Report on Darling “wrong”, used for “smear campaign”: Water Minister
Tuesday, 3rd September, 2019
By Craig Brealey
Over-extraction of water upstream had not put the Darling River into drought and “hard-working Australian families” had been damaged by a report that found it had, the NSW Minister for Water, Melinda Pavey, said yesterday.
Mrs Pavey was referring to the Natural Resources Commission’s (NRC) draft report in July which recommended that irrigators be prohibited from taking the low and medium flows that used to keep the river alive.
That changed in 2012 when the government rewrote the rules to not only let irrigators take those flows but save 300 per cent of their annual allocation.
Mrs Pavey said the report, by Commissioner Dr John Keniry, was “wrong” and that it had been used to conduct a “smear campaign” against WaterNSW and the government.
However, the Shadow Water Minister, Clayton Barr, said Mrs Pavey was attacking the NRC’s report because its findings were true.
“As I recently travelled along the Barwon-Darling River, the most common thing that I heard from locals was that the Commissioner had finally told a truth that locals had been seeing and experiencing for several years - a river system dying a fast and human-influenced death,” Mr Barr told the BDT.
Mrs Pavey was asked by the BDT a week ago if she would adopt Dr Keniry’s recommendation that the Barwon-Darling Water Saving Plan 2012 be rewritten so as to reinstate the flows as a “matter of urgency” before the drought broke.
“Regional communities, farmers and WaterNSW are the collateral damage of an incorrect statement published in a draft report by the Natural Resources Commission,” she replied yesterday.
The report stated that ‘Expert opinion suggests extractions pushed the river below Bourke into hydrological drought three years earlier’.
“This statement resulted in a smear campaign on my agency WaterNSW, made political with the Leader of the Opposition calling for the Nationals to be stripped of the Water portfolio, and accusing a political party of bringing on the drought three years early,” Mr Pavey said.
“A month after publishing the draft report, the NRC released a technical report showing the statement to be inaccurate, and not backed up by science.
“WaterNSW, who has the information about the river as its manager, was never approached for the facts, and instead was victimised through the media.”
Two weeks ago WaterNSW did an analysis which demonstrated, said Mrs Pavey, that the upstream extractions had “no impact on the duration of the low flow periods at and below Bourke since the last major inflow event in 2016.
“The fact is, it’s wrong to say that upstream extractions during this period brought the drought forward by three years.”
Mrs Pavey also said the NRC’s final report was due on Saturday but that the NRC did not publish it.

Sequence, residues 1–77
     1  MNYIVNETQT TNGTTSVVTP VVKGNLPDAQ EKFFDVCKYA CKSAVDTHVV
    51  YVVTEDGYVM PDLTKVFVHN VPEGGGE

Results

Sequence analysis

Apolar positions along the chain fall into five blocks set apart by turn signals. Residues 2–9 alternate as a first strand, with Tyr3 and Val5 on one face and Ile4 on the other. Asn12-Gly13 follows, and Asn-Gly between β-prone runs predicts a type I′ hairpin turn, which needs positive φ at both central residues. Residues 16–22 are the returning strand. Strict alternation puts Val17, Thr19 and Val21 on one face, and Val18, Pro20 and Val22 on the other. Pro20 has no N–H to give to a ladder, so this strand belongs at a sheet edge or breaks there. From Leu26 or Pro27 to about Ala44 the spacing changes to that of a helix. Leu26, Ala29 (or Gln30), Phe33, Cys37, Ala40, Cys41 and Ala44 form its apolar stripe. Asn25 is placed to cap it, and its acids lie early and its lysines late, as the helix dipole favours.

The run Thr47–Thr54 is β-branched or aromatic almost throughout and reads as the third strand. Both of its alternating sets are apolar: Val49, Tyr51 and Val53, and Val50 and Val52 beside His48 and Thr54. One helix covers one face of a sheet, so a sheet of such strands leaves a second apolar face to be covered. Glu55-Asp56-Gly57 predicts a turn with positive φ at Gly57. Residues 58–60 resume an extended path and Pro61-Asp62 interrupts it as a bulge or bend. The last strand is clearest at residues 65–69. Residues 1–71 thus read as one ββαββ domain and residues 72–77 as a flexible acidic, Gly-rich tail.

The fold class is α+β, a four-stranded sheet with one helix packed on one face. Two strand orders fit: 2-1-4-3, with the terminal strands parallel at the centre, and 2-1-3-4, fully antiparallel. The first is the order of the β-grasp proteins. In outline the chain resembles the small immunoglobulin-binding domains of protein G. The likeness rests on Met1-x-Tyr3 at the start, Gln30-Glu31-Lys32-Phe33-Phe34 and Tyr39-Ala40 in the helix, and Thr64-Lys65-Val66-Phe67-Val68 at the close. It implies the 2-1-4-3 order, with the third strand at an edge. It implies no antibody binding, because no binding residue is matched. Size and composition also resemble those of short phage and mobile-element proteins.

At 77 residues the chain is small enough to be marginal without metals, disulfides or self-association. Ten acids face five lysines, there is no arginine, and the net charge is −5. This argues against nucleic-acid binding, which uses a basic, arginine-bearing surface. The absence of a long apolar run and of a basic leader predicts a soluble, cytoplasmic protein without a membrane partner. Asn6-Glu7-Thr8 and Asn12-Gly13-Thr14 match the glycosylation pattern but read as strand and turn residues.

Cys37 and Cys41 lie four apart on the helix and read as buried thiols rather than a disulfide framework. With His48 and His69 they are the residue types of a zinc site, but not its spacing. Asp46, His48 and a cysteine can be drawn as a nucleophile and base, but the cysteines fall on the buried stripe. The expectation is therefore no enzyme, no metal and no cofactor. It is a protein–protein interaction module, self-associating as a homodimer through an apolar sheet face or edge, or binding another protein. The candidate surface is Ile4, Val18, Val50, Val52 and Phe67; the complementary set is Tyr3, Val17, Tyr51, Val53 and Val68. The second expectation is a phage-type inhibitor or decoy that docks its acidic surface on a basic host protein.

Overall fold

“I support former Minister Niall Blair in bringing forward the review of the 2012 water-sharing plan. But we will work to the data, not to hypothesise,” she said.
“The report has caused damage to hard-working Australian families by blaming them for an early drought; this is both inaccurate and inexcusable.
“This report informs policy-making decisions of government and cost taxpayers millions of dollars. I’m disappointed the NRC have demonstrated such disregard for process and a severely poor level of professionalism.”
Mr Barr accused the minister of trying to distract everyone from the immediate problem - flows, extraction and the supply of water to people and the environment.
Dr Keniry had done exactly what was asked of him by the former Water Minister Blair, and conducted a review of the Barwon-Darling Water Sharing Plan 2012, he said.
“The Commissioner has tabled his Interim Report for public comment. The most bizarre incident during this process has been for the new Water Minister, Melinda Pavey, to publicly attack the work of the Commissioner in his preparation of the Interim Report.”
Mrs Pavey had also ignored the fact that the problems had started more than two years ago, said Mr Barr.
“Minister Pavey want us all to focus on water data since January 2017, when we were already in drought.
“But the epicentre of the Water Sharing Plan problems are actually the five years prior, from 2012 to 2017, when water was available to the river system, environment and community but was, unfortunately, over-extracted, according the Commissioner’s Interim Report.
“We need to remember that while Minister Pavey seeks to attack this one report, the truth is that there are now a range of reports including those from Ken Matthews, the Productivity Commission and others that all point to a common theme of water extraction being at the root of the water problem along the Barwon-Darling system.”